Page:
News & Comment / In Brief


Commentary on Sad Stats

Alan M Batterham, School of Health and Social Care, University of Teesside, Middlesbrough TS1 3BA, UK. Email. Sportscience 10, 65, 2006 ( Published Dec 19. 2006.


In this brief article Hopkins provides a valuable overview of the limitations of some of the leading commercially available statistical software packages. The key questions when evaluating a package are: Does it do the analyses that you want it to do? Is it user-friendly? And does it give the right answer? The Sad Stats article covers these bases appropriately for the programs tested. The additional materials produced for SPSS are particularly interesting, given that in the UK at least it seems to be the most widely adopted platform for academic institutional licences. However, as Hopkins argues, the spreadsheets are likely a better way forward for nonusers of the full SAS package.

One potential problem I have encountered is the perceived air of credibility of commercial packages in comparison to the spreadsheets. This unjustified perception may in some instances prove a barrier to the adoption of these tools by students conducting research dissertations or colleagues analysing data for publication, if their supervisors or referees are uninitiated. The writing and publishing of companion articles to such spreadsheets in peer-reviewed print journals will help to surmount this barrier. An example is the recent article by Batterham and Hopkins, co-published here and in International Journal of Sports Physiology and Performance.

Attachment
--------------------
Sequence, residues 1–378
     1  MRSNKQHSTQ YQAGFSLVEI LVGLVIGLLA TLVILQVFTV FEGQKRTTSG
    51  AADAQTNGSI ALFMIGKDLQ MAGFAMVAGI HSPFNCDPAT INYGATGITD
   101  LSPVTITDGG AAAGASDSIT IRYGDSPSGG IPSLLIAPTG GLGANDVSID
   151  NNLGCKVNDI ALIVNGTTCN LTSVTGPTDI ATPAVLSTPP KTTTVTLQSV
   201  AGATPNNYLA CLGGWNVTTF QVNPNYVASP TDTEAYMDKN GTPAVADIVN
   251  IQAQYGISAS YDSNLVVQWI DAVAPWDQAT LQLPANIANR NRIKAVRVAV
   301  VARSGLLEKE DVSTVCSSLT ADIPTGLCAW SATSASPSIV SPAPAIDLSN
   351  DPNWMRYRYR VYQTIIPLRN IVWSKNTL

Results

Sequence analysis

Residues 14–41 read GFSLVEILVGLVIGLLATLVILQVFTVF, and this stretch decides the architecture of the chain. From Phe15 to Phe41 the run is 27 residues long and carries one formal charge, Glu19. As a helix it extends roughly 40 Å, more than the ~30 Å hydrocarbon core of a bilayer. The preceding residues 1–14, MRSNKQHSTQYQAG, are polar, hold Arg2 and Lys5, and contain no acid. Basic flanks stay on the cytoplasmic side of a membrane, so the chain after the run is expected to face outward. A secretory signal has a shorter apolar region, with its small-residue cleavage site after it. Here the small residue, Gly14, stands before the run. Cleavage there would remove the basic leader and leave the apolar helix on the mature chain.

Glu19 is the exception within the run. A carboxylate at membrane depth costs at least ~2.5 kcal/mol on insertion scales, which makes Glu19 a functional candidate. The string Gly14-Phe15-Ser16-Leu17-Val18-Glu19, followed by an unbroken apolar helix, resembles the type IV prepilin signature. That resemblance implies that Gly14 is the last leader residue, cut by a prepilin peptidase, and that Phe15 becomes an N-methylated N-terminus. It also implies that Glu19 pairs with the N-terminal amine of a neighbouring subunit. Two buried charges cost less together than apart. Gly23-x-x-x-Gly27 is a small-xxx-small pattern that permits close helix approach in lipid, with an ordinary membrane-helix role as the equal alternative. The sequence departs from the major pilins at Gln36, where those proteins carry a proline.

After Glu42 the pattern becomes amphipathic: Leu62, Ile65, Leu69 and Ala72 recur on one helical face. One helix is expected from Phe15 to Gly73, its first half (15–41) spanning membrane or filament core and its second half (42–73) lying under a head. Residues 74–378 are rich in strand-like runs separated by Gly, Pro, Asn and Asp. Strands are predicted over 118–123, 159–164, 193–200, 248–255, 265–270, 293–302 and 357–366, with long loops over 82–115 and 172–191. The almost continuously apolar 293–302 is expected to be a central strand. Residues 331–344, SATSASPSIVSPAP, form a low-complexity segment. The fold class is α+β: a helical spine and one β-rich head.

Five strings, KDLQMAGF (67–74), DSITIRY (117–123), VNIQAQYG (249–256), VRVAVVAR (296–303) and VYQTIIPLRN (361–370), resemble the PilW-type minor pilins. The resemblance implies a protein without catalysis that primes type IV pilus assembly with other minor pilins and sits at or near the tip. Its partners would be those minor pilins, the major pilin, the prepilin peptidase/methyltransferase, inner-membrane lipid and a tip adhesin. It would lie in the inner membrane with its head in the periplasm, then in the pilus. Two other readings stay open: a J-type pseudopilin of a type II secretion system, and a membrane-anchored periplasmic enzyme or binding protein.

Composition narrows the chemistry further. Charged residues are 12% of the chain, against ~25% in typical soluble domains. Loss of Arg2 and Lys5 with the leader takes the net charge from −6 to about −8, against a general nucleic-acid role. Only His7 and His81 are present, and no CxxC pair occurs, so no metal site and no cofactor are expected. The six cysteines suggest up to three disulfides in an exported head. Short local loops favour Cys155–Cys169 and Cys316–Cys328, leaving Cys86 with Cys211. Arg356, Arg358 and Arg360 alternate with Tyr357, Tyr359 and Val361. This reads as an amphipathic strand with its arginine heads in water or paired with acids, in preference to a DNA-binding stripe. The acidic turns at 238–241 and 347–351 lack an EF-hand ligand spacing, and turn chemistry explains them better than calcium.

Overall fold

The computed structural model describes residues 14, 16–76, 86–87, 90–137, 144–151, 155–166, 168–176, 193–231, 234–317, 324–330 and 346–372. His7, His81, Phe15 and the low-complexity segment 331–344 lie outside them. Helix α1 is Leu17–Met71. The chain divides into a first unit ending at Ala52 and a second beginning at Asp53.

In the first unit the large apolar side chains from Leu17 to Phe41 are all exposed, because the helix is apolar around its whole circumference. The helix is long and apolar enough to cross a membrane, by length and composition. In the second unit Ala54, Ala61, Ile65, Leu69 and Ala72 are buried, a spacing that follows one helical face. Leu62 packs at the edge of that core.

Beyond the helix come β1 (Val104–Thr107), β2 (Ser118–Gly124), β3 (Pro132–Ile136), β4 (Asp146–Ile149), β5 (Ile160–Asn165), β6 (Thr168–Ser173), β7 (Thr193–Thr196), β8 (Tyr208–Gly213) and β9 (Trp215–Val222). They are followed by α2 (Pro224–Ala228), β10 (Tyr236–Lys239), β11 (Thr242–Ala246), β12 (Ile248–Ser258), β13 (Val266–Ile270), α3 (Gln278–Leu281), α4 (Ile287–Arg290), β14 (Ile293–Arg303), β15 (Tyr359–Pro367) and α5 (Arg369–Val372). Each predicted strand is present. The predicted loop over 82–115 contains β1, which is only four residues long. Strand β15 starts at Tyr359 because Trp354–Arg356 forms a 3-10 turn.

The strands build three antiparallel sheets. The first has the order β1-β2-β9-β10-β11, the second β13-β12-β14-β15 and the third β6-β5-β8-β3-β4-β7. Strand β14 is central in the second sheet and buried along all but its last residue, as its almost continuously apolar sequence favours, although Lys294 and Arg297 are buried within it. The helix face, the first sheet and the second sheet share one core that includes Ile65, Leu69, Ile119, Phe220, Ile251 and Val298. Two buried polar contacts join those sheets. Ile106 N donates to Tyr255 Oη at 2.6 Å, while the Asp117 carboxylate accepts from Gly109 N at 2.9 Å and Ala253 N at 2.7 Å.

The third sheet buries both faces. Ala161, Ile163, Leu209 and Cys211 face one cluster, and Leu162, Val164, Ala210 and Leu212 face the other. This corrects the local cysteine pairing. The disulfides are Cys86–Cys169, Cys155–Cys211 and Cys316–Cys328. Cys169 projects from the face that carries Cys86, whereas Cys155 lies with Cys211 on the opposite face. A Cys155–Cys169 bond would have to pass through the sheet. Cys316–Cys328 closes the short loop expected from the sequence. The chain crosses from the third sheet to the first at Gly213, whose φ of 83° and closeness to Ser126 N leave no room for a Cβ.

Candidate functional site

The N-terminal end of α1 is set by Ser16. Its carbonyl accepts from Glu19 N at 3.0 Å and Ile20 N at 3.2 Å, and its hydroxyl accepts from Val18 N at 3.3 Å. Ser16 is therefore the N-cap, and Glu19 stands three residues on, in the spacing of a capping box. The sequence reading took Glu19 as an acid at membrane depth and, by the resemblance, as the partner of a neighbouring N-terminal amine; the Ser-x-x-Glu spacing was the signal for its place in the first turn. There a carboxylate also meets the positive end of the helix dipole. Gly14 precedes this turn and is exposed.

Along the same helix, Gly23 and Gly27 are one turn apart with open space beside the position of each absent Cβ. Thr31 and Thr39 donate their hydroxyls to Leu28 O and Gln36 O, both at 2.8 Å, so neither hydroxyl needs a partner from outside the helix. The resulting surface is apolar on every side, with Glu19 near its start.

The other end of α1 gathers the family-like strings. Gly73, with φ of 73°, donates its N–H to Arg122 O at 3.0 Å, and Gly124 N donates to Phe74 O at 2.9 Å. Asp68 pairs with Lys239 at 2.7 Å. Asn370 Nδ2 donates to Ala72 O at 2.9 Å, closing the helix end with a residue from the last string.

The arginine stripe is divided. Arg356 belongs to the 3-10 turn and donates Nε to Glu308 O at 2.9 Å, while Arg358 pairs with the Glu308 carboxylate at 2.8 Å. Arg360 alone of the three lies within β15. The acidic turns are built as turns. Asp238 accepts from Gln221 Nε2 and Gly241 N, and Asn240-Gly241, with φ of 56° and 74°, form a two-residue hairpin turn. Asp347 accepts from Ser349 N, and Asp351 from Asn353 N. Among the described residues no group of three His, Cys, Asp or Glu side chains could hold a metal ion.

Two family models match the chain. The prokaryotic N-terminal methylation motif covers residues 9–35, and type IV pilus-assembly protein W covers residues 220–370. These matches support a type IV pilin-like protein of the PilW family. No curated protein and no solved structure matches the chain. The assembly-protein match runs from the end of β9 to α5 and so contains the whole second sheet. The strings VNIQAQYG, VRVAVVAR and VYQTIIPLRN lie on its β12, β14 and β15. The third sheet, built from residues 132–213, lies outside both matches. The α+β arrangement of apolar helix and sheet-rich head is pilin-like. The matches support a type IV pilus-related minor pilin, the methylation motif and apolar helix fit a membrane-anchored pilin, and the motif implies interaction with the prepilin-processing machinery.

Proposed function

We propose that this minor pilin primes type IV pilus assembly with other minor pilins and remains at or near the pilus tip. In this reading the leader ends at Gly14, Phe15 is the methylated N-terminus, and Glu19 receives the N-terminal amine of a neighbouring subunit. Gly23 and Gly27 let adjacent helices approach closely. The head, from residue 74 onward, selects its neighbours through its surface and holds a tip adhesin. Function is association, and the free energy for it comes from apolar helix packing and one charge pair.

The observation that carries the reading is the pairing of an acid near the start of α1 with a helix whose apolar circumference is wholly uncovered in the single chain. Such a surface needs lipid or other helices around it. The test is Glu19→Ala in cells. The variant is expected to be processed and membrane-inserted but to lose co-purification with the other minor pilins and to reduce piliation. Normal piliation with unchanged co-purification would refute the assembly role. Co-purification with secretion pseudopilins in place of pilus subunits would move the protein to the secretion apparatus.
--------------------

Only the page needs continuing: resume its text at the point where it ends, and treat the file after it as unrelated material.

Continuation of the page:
Batterham AM, Hopkins WG (2006). Making meaningful inferences about magnitudes. International Journal of Sports Physiology and Performance 1, 50-57

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